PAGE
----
MASN seeks hearts, eyes of 2 cities

Sports network, home to O's and Nats, beefs up Washington-oriented programming

January 14, 2007|By Jeff Barker | Jeff Barker,Sun Reporter

From their offices in the Camden Yards warehouse, executives of the Mid-Atlantic Sports Network enjoy a quintessential Baltimore view. Perched on the fifth floor above Oriole Park's flag court, they can peer into the stadium and practically smell the grass.

But the fledgling network's officials aren't eager to publicize their Baltimore location. "It's not about where we're located, it's what's on the air," said MASN spokesman Todd Webster, who was reluctant to have a Sun photographer shoot pictures of the offices for this article.

It's not that MASN is ashamed to be in Baltimore. Rather, the network, preparing for its first season as the television home of the Orioles and Washington Nationals, is trying to counter the perception of many Washingtonians that it is a Baltimore-focused vehicle of the Orioles and their owner, Peter Angelos. "This is not a Baltimore network just because it is majority-owned by the Orioles," said Michael J. Haley, MASN's chief financial officer.

Showing it cares equally about Washington-area viewers is critical if MASN is to achieve its goal of becoming pre-eminent in regional sports. It faces competition from more established Comcast SportsNet, which emphasizes sports news and televises Washington Wizards and Capitals games. SportsNet is based in Bethesda but - like MASN - aims to appeal to fans in Baltimore as well as Washington.

Angelos said MASN, which simulcasts Baltimore radio shows and bills itself as the "official cable network" of the Ravens, will soon devote at least as much air time to Washington's sports as Baltimore's. The network, which began broadcasting sports around the clock over the summer, plans to televise at least 10 Georgetown men's basketball games this season and recently signed a deal to simulcast former Redskin John Riggins' weekday radio show. "Our purpose is to bring the two metropolitan regions together - not to divide them or to be partisan," Angelos said.

MASN, which says it has about 35 employees and is still hiring, is owned primarily by the Orioles. The Nationals have a minority stake that can grow to as much 33 percent over the next several decades.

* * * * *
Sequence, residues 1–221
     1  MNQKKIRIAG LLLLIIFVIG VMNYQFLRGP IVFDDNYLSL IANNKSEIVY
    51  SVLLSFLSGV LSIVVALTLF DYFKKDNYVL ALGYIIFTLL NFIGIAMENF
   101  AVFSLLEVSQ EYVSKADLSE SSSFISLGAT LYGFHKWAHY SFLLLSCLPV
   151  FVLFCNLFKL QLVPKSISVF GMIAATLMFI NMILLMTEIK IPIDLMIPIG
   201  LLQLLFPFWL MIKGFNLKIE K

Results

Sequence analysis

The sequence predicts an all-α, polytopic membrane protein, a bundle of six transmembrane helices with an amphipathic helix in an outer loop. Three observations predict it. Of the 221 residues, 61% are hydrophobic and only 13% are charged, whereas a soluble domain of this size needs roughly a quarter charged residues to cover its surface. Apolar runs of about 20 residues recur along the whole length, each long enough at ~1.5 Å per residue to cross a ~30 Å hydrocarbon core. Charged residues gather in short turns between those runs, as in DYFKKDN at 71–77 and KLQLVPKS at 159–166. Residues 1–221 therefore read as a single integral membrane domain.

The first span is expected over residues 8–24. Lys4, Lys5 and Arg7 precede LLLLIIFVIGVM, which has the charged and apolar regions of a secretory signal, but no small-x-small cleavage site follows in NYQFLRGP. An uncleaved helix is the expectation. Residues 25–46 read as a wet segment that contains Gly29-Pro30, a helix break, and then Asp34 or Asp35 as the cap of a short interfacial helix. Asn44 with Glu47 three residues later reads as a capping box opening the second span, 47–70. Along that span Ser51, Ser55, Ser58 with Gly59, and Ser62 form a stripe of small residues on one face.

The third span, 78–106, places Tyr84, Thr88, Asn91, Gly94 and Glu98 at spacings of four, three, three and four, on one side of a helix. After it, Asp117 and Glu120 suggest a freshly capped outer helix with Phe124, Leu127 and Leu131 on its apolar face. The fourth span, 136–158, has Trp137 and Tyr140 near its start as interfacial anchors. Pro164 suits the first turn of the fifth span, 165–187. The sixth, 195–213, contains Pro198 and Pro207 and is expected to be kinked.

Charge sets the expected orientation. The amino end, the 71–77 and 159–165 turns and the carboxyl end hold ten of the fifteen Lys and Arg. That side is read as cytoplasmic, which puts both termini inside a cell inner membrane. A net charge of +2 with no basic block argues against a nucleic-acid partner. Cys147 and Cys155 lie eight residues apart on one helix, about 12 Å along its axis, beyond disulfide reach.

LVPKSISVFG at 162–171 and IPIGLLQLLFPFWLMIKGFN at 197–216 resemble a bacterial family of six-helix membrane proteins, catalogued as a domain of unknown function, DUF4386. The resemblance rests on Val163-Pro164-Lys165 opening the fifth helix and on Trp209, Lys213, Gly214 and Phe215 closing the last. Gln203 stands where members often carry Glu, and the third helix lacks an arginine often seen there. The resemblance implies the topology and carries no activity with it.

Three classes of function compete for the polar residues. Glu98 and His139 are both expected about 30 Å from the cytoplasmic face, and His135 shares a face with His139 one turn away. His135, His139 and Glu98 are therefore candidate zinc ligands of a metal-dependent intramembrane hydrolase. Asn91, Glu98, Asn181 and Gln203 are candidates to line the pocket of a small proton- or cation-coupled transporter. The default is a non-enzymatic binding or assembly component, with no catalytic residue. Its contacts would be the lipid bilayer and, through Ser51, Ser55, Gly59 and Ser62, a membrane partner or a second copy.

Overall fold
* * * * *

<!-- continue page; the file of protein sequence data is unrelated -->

Not an easy sell

The perception of MASN as an Angelos tool arose when the owner negotiated with Major League Baseball for the TV rights to Nationals games before the club's arrival in Washington before the 2005 season. Angelos had long argued that the region couldn't support two baseball teams. He says that winning TV rights to both the Orioles and Nationals was critical to ensuring the long-term viability of his club.

"That was the driving force - to save this franchise from competition introduced immediately in its backyard," Angelos said. Under the deal, MASN pays an annual fee - it will be $25 million in 2007 - to the Orioles and Nationals for the games.

Many Washington fans still need to be won over. Some remember the banner hanging at RFK Stadium at the Nationals' first game there in 2005. It was apparently the product of a fan still angry with Angelos for opposing a Washington team. "Dear Angelos. You Stink. Signed, Everyone," it said.

Eric Parker, a Nationals fan from Arlington, Va., said that since MASN "does have a Baltimore vibe to it, with the O's and the Ravens," he needs to be convinced that it won't shortchange the Nationals.

"What we have to wait and see on is what happens in 2007 when MASN carries both the O's and the Nats," said Parker, who worries that Nationals games could be bumped.

MASN officials say "MASN Plus" channels will be in place when the teams play simultaneously, assuring that neither teams' games will be dropped.

Many Nationals fans couldn't get MASN for most of last season because of a dispute between the network and Comcast over the cost of carrying the network.

"I guess it [MASN] is a product of Baltimore and Angelos in a way, but it's still new," said Don Plavnick of Arlington, Va., who helps run the Nats Fan Club. He said Washington fans hope the Nationals-Orioles broadcast mix will be "50-50."

One item MASN can't guarantee is high-definition broadcasts. Comcast SportsNet televised the Orioles in HD last season. "To transmit in HD, you have to get an HD channel. That's something we're talking about with the cable operators," said Jim Cuddihy, a MASN programming executive. Though its executive offices are in the warehouse, the network hasn't announced where its broadcast studios will be located.

With two teams, MASN enjoys an advantage over Comcast SportsNet, whose contract with the Orioles expired after last season.

The rival

"To lose baseball is a huge blow to a regional sports network," said John Mansell, a Northern Virginia-based sports and media analyst for Kagan Research. "Baseball is the anchor for any regional sports network. There is very little substitute programming of any real quality in the summertime."

But Mansell said SportsNet's survival is not in jeopardy, and SportsNet officials expressed optimism that the network can succeed in a changed environment.

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